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Tax Benefits for the Graduate Student

If you are paying for your masters degree, you may be missing out on helpful tax benefits.

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Are you getting your masters degree? You may be eligible for financial aid from the IRS. There are a few ways one can receive help from the IRS with their educational expenses.

Most financial aid guides explain how to obtain scholarships, grants and student loans. Although you must pay your tuition and education-related expenses upfront, you can recieve credits or deductions to the total amount owed on your taxes.

Run through several tax scenarios to find the one that will save you the most money

Lifetime Learning Credit For Graduate Students

Students pursuing a masters degree enrolled in an eligible graduate school may be able to receive a tax credit of up to $2,000 for qualified educational expenses. The credit is equal to 20% of up to $10,000 of the student’s qualified educational expenses. Examples of qualified educational expenses include tuition, books, supplies and equipment that are included in the cost of tuition and the student is required to purchase them directly from the graduate school.

Keep in mind that this is not a tax refund. It is a credit that will be applied to your tax returns. It decreases the amount of money that you have to pay to the IRS after taxes. Your credit comes in the form of a refund only if you do not own taxes.

There are no limits to the number of years that you may apply. This is great if you are taking classes part-time and your masters degree is taking more than two years to complete.

If the student is still a dependent, their parents may take out a Lifetime Learning Credit for them, even if the money came out of the pocket of the child. However, the child may not claim a Lifetime Learning Credit if their parent’s claim them as a dependent. This same rule applies to married students who do not file a joint return.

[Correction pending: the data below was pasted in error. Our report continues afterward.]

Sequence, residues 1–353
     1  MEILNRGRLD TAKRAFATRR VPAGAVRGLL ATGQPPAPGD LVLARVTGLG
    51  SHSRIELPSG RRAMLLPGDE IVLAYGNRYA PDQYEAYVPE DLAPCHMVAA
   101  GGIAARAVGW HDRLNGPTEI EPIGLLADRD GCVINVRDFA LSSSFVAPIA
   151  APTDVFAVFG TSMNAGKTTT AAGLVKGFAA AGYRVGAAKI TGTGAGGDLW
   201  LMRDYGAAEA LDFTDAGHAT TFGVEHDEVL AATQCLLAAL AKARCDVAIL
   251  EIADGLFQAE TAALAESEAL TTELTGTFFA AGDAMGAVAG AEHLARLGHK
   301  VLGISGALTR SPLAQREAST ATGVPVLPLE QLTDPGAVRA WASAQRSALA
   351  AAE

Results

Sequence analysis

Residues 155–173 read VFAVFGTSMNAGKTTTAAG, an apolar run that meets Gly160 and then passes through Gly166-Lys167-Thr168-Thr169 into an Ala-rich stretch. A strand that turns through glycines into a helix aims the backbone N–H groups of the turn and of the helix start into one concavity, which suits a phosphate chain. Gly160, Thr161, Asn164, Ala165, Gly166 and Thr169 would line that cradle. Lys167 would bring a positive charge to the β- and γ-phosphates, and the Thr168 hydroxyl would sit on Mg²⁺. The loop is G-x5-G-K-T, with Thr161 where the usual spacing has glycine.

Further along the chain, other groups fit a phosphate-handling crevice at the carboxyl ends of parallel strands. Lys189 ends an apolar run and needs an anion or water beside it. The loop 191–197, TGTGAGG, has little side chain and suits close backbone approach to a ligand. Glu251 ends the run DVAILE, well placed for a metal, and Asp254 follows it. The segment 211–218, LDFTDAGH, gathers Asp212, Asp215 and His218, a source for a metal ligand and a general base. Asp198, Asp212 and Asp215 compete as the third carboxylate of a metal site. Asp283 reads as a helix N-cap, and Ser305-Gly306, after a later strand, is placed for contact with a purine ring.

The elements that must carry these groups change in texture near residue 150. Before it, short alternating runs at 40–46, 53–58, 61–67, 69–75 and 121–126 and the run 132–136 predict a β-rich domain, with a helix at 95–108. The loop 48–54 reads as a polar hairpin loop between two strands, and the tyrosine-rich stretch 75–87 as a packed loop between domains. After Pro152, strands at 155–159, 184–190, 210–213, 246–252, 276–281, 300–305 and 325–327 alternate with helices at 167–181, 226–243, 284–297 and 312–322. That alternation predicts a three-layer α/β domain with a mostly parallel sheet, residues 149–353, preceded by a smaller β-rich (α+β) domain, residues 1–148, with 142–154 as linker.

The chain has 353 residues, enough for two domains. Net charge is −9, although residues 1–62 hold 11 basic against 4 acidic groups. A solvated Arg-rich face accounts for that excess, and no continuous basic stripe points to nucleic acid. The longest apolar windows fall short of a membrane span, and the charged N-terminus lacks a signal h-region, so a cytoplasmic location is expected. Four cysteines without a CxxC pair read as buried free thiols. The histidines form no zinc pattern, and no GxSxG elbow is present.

Graduate Student Loan Interest Tax Deduction

A graduate student who pays more than $600 interest on student loans is eligible to receive a tax deduction. According to the terms, up to $2,500 per year is tax deductible. In order to be eligible, your Modified Adjusted Gross Income (MAGI) must be less than $75,000 and you must be attending graduate school at least half-time. To receive these benefits, request a Form 1098-E from your grad school, which shows the total interest you paid.

Tuition and Fees Deduction for Graduate Students

The Tuition and Fees Deduction allows you to claim up to $4,000 per tax year for graduate students with a MAGI of $65,000 or less. Graduate students who have an MAGI between $65,000 and $80,000 may claim up to $2,000 tax deduction. Any graduate student or their parent can claim the Tuition and Fees Deduction. However, you cannot claim this if you are married and do not file a joint return. This deduction is similar to the Lifetime Learning Credit in that only tuition and related expenses required by your grad school are eligible for the tax deduction. There is no limit to the amount of classes a student must take in order to claim the deduction.

Educational Expense Tax Deduction for Grad Students

If you are required to get your masters degree for a job, you may be eligible to receive the Educational Expense Tax Deduction. In order to be eligible for this deduction, you must either be pursuing your degree in order to keep your current salary or job, or pursuing your masters degree in order to improve your work-related skills to maintain your job. A graduate student who is pursuing a masters degree that could allow him to switch careers is not eligible.

Tips and Tactics for Tax Benefits for the Graduate Student

  • You can also withdraw funds from an individual retirement account without any penalty. However if you take the cash out of the 401k, you will have to pay a 10% early withdrawal penalty.
  • Run through several tax scenarios to find the one that will save you the most money.
  • Students living in Midwestern Disaster Areas may be eligible for larger deductions and able to include books, supplies room and board in their total amount paid.


People Who Read This Article Also Read:

Saving for the Future: Short-Term College Planning
Saving for the Future: Long-Term College Planning
Long-Term Savings Plans Overview
529 Plans: The Basics
Tax Breaks for College Students
Tuition Tax Credits
The Hope/American Opportunity Tax Credit

See All Saving for College and Tuition Tax Credits Articles

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